“Even if leaders back away from the brink, this could quickly get out of hand, as their ability to control the rank and file – and, in the case of the opposition, ability to represent the rank and file – dwindles,” the think tank wrote.

At last week’s meeting, Sheikh al-Tayyeb and Egypt’s religious leaders presented Mahmoud Ezzat, deputy leader of the Muslim Brotherhood, and Saad el-Katatni, the head of its political party with a document that called for the renunciation of violence and a pledge to engage in dialogue with the opposition.

Across the table from the Muslim Brotherhood leaders were leaders of Egypt’s National Salvation Front – including Mohamed ElBardie, the former director general of the International Atomic Energy Agency and leader of Egypt’s Constitution Party, and former presidential candidates Amr Moussa and leftist Hamdeen Sabahi. Representatives of Egypt’s hardline Islamist parties, including the head of the salafist Nour Party also participated in the talks.

The ten point agreement signed by the political and religious leaders agreed to renounce violence “in all its forms and manifestations” and respect the dignity of all Egyptians irrespective of religion or political views.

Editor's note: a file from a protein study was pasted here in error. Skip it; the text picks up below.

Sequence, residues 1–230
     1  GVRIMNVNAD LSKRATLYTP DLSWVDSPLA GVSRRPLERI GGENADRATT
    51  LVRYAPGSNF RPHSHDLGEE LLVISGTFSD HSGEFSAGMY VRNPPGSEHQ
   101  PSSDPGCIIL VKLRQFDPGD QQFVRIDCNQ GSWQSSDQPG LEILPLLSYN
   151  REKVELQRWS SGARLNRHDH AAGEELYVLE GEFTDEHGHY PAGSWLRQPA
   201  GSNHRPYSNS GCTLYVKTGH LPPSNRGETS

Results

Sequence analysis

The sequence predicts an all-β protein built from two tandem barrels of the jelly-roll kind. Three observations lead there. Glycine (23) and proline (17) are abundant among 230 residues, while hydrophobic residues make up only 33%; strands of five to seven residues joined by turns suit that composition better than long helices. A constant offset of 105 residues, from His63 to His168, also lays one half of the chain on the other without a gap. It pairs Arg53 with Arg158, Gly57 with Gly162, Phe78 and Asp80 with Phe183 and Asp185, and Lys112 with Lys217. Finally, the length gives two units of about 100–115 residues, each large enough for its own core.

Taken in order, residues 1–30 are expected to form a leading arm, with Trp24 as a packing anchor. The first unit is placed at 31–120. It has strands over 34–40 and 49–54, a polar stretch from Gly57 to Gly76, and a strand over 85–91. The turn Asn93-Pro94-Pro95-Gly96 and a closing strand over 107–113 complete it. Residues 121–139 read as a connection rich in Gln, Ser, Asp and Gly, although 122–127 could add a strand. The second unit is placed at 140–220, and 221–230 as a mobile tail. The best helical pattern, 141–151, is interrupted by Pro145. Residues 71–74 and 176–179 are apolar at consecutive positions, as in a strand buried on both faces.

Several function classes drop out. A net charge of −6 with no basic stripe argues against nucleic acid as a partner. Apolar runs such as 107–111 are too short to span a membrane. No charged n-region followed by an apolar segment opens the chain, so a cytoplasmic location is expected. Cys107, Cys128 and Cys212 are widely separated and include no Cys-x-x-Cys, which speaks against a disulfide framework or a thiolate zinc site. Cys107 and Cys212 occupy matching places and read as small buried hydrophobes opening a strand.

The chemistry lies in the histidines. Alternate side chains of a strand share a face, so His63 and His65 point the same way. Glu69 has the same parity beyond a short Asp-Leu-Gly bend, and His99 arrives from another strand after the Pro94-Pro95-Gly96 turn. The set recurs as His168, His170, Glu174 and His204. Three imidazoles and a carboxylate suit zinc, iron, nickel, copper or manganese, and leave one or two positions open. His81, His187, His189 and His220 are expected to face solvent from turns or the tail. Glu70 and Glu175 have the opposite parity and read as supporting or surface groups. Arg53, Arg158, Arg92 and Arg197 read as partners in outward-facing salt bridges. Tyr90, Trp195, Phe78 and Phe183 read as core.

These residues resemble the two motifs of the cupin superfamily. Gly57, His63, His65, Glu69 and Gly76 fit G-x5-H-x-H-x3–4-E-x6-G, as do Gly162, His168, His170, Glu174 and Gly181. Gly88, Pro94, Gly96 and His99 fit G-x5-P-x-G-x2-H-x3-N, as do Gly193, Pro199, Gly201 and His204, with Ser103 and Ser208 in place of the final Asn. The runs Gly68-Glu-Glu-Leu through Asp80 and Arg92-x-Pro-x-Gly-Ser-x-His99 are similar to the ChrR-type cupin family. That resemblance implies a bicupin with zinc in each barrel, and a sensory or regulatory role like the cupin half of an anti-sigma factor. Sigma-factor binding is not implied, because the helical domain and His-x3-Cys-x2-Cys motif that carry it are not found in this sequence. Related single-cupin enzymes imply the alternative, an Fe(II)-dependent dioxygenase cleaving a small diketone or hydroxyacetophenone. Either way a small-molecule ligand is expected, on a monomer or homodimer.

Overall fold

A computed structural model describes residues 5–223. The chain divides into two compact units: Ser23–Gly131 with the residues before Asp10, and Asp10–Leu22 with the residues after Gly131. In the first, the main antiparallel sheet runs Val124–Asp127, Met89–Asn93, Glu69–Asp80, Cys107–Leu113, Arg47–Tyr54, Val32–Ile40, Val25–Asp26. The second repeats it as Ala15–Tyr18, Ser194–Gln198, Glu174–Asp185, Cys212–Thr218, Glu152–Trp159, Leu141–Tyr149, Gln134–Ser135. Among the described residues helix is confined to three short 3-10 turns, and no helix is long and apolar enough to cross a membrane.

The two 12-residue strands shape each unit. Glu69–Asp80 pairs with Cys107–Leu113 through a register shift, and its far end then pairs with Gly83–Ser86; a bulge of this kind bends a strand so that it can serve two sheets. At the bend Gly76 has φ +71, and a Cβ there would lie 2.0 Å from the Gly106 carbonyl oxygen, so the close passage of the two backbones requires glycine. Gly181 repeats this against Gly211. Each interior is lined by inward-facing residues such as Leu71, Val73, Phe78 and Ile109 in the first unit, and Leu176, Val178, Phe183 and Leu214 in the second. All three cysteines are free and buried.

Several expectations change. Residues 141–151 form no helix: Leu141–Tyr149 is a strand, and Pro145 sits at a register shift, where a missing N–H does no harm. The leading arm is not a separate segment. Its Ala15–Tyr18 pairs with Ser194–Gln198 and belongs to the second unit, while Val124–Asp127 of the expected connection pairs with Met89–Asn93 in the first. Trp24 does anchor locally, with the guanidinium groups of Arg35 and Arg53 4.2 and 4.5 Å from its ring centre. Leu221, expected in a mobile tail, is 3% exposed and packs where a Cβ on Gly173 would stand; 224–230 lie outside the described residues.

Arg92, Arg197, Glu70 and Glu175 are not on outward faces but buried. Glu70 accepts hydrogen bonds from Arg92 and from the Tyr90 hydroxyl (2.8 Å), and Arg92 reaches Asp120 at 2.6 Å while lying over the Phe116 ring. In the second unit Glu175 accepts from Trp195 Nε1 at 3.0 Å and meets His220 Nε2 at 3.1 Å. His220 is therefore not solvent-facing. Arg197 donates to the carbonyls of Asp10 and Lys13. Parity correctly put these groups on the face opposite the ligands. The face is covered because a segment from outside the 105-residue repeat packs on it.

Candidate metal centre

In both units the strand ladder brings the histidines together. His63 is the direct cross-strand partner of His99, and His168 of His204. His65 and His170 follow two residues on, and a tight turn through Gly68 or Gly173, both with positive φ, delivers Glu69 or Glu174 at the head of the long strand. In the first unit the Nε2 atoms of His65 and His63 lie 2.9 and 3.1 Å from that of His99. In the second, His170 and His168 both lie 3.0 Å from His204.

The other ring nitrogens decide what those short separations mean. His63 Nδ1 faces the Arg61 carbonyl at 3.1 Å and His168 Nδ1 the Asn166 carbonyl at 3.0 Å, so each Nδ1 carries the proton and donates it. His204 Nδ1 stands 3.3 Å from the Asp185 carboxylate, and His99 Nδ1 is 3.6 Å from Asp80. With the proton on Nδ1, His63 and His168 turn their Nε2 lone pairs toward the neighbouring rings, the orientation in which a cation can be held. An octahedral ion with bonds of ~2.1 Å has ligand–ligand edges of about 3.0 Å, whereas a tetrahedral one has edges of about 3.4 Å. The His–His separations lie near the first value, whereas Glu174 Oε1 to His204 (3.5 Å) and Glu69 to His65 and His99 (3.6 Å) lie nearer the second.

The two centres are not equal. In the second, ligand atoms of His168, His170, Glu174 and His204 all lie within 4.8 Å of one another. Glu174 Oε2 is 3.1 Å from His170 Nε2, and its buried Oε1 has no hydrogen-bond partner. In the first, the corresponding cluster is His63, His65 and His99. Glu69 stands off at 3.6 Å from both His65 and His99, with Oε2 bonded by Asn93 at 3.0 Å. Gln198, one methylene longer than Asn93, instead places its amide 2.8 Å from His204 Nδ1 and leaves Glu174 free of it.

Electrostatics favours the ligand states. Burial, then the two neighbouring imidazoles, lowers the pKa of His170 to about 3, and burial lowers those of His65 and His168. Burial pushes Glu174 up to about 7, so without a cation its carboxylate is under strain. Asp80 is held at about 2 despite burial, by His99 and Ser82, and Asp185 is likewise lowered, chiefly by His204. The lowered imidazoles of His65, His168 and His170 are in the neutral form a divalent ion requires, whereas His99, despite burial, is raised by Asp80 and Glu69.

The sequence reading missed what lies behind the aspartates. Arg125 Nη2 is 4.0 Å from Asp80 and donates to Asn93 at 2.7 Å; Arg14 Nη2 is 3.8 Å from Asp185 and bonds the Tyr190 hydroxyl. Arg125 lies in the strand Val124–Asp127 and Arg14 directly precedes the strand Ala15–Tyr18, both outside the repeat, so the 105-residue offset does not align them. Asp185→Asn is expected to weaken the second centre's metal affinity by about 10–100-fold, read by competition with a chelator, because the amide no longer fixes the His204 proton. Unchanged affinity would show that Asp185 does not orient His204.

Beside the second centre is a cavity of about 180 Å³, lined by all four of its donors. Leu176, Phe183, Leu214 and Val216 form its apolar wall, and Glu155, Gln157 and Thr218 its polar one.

Dr. Anis reported after the meeting: “Today the Grand Imam invited all opposition parties and ruling party and churches. We produced a document against violence and formed a committee to prepare for a dialogue. We pray so that the Lord may put an end for this violence and bring peace to Egypt.”

Al-Azhar meeting to head off civil war in Egypt: Anglican Ink, February 1, 2013 February 1, 2013

Posted by geoconger in Anglican Ink, Episcopal Church in Jerusalem & the Middle East, Politics.
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Egypt’s warring political factions sat down with the country’s religious leaders on Thursday and endorsed a joint declaration pledging an end to the political violence that has left over sixty dead in the past week.